Israel Pounds Gaza with Fiercest Air Strikes Ever after Shock Hamas Attack

Palestinians walk among the rubble in the destroyed Al Rimal neighborhood following an Israeli air strike in Gaza City, 10 October 2023. (EPA)
Palestinians walk among the rubble in the destroyed Al Rimal neighborhood following an Israeli air strike in Gaza City, 10 October 2023. (EPA)
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Israel Pounds Gaza with Fiercest Air Strikes Ever after Shock Hamas Attack

Palestinians walk among the rubble in the destroyed Al Rimal neighborhood following an Israeli air strike in Gaza City, 10 October 2023. (EPA)
Palestinians walk among the rubble in the destroyed Al Rimal neighborhood following an Israeli air strike in Gaza City, 10 October 2023. (EPA)

Israel hammered the Gaza Strip on Tuesday with the fiercest air strikes in its 75-year conflict with the Palestinians, razing entire districts despite a threat from Hamas fighters to execute a captive for each home hit.

Across the barrier wall enclosing the coastal enclave, Israeli soldiers collected the last of the dead four days after Hamas gunmen rampaged through towns in the deadliest attack in Israel's history.

Israel has vowed to take "mighty revenge", calling up hundreds of thousands of reservists and placing Gaza, crowded home to 2.3 million people, under total siege.

Israel's embassy in Washington said the death toll from the weekend Hamas attacks had surpassed 1,000, dwarfing all modern extremist attacks on the West except for 9/11.

The victims were overwhelmingly civilians, gunned down in homes, on streets or at an outdoor dance party. Scores of Israelis and some foreigners were captured and taken to Gaza as hostages, some paraded through the streets.

Gaza's health ministry said Israel's retaliatory air strikes had killed at least 830 people and wounded 4,250. The strikes intensified on Tuesday night, shaking the ground and sending more columns of smoke and flames into the sky.

The United Nations said more than 180,000 Gazans had been made homeless, many huddling on streets or in schools.

At the morgue in Gaza's Khan Younis hospital, bodies were laid on the ground on stretchers with names written on their bellies. Medics called for relatives to pick up bodies quickly because there was no more space for the dead.

A municipal building was hit while being used as an emergency shelter. Survivors there spoke of many dead.

"No place is safe in Gaza, as you see they hit everywhere," said Ala Abu Tair, 35, who had sought shelter there with his family after fleeing Abassan Al-Kabira near the border.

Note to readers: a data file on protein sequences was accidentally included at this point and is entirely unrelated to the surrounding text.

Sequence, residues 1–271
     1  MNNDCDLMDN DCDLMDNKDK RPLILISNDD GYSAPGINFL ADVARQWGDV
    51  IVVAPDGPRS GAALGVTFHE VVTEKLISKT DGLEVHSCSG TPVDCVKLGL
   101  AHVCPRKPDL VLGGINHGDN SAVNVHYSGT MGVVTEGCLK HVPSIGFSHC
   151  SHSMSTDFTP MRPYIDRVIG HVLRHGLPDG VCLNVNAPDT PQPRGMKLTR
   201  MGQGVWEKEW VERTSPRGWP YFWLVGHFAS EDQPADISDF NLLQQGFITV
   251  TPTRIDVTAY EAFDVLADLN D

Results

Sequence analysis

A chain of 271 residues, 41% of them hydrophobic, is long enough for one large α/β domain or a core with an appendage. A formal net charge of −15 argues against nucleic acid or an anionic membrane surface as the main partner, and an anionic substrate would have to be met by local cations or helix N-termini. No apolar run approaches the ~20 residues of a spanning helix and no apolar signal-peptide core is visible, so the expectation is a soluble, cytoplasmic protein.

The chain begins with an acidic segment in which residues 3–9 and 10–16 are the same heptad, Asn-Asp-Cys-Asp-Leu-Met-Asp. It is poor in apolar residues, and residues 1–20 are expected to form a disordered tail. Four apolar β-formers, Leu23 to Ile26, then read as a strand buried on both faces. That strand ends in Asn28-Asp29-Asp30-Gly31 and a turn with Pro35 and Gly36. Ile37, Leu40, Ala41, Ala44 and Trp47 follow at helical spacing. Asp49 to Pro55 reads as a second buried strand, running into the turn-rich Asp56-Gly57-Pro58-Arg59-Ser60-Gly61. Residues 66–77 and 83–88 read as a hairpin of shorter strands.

Radwan Abu al-Kass, a boxing instructor and father of three, said he had been one of the last to evacuate his five-storey building in the Al Rimal district after the area came under attack. He finally left when a missile hit the building, which was destroyed by a bigger strike after he got out.

"The whole district was just erased," he said.

Two members of Hamas' political office, Jawad Abu Shammala and Zakaria Abu Maamar, were killed in an air strike in Khan Younis in southern Gaza, a Hamas official said. The Israeli military said they had been struck overnight.

They were the first senior Hamas members killed since Israel began pounding the enclave. Israel said Abu Shammala had led a number of operations targeting Israeli civilians. He was a member of the Hamas politburo in charge of economic affairs.

Three Gaza journalists were killed while reporting outside a building, bringing the number of journalists killed to six.

The Palestinian Foreign Ministry said Israeli strikes had since Saturday destroyed more than 22,600 residential units and 10 health facilities and damaged 48 schools.

UN High Commissioner for Human Rights Volker Turk, who denounced the Hamas attacks, said civilians had been harmed in Israeli strikes on tower blocks, schools and UN buildings.

"International humanitarian law is clear: the obligation to take constant care to spare the civilian population and civilian objects remains applicable throughout the attacks," he said.

Trail of blood

In Israel, there has still been no complete official count of the dead and missing from Saturday's attacks. In the southern town of Be'eri, where more than 100 bodies have been retrieved, volunteers in yellow vests and face masks carried the dead out of homes on stretchers.

A long, wide trail of blood wound along the floor of a house where bodies had been dragged out by militants into the street from a blood-soaked kitchen strewn with overturned furniture.

"The thing I want the most is to wake up from this nightmare," said Elad Hakim, a survivor from an outdoor music festival where Hamas had killed 260 partygoers at dawn.

Amid the burned-out houses of the Kfar Aza kibbutz, bodies of Israeli residents and Hamas militants lay on the ground beside scattered furniture and torched cars. Israeli soldiers went from house to house to take away the dead. The stench of corpses hung heavy in the air.

"You see the babies, the mothers, the fathers, in their bedrooms, in their protection rooms and how the terrorist kills them. It's not a war, it's not a battlefield. It's a massacre," said Israeli Major General Itai Veruv, escorting journalists at the scene.

"It's something we used to imagine from our grandfathers, grandmothers in the pogrom in Europe and other places."

Soldiers were still securing the paths of the kibbutz as bursts of gunfire and explosions could be heard in the distance. Jets roared above and smoke could be seen rising from Gaza. Sirens warned of incoming rockets intercepted overhead.

Israel's next move could be a ground offensive into Gaza, territory it left in 2005, after 38 years of occupation, and has kept under blockade since Hamas seized power there in 2007. The siege it announced on Monday would keep out even food and fuel.